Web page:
On Thursday evening, we hosted the ninth instalment of the monthly Science Online NYC (SoNYC) discussion series. For this month’s SoNYC we teamed up with the American Museum of Natural History (AMNH) for a special event for Social Media Week.
The topic for debate this month was, “Beyond a Trend: Enhancing Science Communication with Social Media.”
As a communications tool, social media is an undeniably effective way to enhance your message. But within the science realm, top communicators – both academic and professional – strive to use social media for something greater: to engage the public in a conversation about science. Never before has it been so easy for researchers, public information officers, educators, students, and journalists to talk directly to the public about the benefits, limits, and implications of scientific knowledge. Social media not only makes these meaningful conversations possible, but it often also makes them fun and compelling. During this session, hear from scientists, communicators, and educators who use social media tools and the philosophy behind them to find creative, collaborative, and engaging learning opportunities.
Preparing for the event
In anticipation of the discussion, we ran a series of guest posts here on Of Schemes and Memes, recounting experiences where social media has been a key part of a science education project. To start the discussions, Dr Alan Cann from Leicester University gave us an academic’s viewpoint on how social media can be used as part of the curriculum. Next we heard from Ben Lillie, co-founder of The Story Collider, revealing how social media can also be used to tell a science story. We then took a look at the, “This is what a scientist looks like” initiative, interviewing writer and multimedia specialist, Allie Wilkinson.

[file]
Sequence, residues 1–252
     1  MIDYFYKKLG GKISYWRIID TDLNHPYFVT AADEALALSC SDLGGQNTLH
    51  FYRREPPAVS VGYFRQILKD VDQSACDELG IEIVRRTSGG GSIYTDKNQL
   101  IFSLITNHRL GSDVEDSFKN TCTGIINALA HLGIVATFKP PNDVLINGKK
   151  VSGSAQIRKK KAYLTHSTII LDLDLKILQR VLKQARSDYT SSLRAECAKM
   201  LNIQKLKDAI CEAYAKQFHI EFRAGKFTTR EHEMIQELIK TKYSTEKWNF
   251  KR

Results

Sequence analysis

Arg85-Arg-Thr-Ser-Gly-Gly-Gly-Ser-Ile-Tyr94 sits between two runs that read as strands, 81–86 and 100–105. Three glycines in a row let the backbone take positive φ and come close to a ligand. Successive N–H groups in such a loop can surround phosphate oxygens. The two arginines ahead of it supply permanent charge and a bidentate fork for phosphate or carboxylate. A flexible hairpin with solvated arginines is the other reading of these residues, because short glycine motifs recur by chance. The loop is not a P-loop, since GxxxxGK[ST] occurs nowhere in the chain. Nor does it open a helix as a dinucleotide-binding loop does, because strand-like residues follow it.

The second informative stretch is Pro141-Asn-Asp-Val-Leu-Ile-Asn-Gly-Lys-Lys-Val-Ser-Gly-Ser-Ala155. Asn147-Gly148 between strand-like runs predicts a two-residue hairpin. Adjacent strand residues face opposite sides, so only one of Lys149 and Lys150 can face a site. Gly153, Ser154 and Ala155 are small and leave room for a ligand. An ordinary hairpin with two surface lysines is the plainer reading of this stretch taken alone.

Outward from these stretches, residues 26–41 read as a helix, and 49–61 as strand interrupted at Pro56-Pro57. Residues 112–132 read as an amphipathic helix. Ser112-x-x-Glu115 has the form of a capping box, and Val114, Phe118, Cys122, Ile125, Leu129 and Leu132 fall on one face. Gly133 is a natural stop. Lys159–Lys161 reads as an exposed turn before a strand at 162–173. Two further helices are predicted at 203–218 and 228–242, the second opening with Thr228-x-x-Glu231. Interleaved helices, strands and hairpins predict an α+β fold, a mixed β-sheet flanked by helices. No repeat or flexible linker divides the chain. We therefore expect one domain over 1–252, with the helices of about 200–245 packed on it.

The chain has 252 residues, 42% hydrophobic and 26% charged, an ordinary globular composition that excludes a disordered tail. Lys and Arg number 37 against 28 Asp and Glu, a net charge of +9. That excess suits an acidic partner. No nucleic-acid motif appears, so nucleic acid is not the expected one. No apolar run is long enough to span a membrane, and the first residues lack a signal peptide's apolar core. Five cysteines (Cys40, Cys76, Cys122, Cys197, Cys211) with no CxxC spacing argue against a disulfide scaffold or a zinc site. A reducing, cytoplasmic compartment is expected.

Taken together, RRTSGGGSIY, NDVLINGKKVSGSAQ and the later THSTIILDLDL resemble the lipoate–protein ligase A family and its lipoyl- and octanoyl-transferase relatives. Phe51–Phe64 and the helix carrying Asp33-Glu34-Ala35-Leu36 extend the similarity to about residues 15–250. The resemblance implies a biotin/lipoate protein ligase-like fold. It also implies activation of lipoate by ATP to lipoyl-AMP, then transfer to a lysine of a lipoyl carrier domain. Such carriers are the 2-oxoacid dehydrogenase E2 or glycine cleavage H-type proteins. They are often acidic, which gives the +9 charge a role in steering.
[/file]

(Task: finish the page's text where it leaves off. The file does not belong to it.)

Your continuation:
This month’s panel:
– American Museum of Natural History educators who are developing a “tool kit” of mobile apps, websites and more to help middle school students collect, share and present data on urban biodiversity
– Ben Lillie, the co-organizer of The Story Collider, which tells science stories by combining verbal narratives with podcasts, Twitter and an online magazine
– Matt Danzico, a BBC journalist who conducted a 365-day blog experiment called “The Time Hack” looking at how we perceive time
– Carl Zimmer, a science journalist whose latest book, Science Ink: Tattoos of the Science Obsessed, is based on feedback he received on his Discover Magazine blog when he asked the question: are scientists hiding tattoos of their science?
– Moderator: Jennifer Kingson, day assignment editor, Science Department, The New York Times
To read what people on Twitter were saying about the event, check out our Storify of tweets at the bottom of this post.
Blog posts about the 9th #sonyc
Do let us know if you blog about the event and we’ll include a round-up of links here.
Social Media as Science Facilitator: Write up in the Dana Foundation Blog
Live-streaming and video archiving
We live-stream each SoNYC event to give as many people as possible the chance to take part in the debate. Check out this month’s livestream, or take a look at our archives where you can view the previous meetings.
Finding out more
The next SoNYC will be held on March 20th and will be focused on deterring and detecting fraud in scientific publications. Details will be announced soon – keep an eye on the SoNYC twitter account for more details and/or watch the #sonyc hashtag.
If you have a suggestion for a future panel or would be interested in sponsoring one of the events, please get in touch.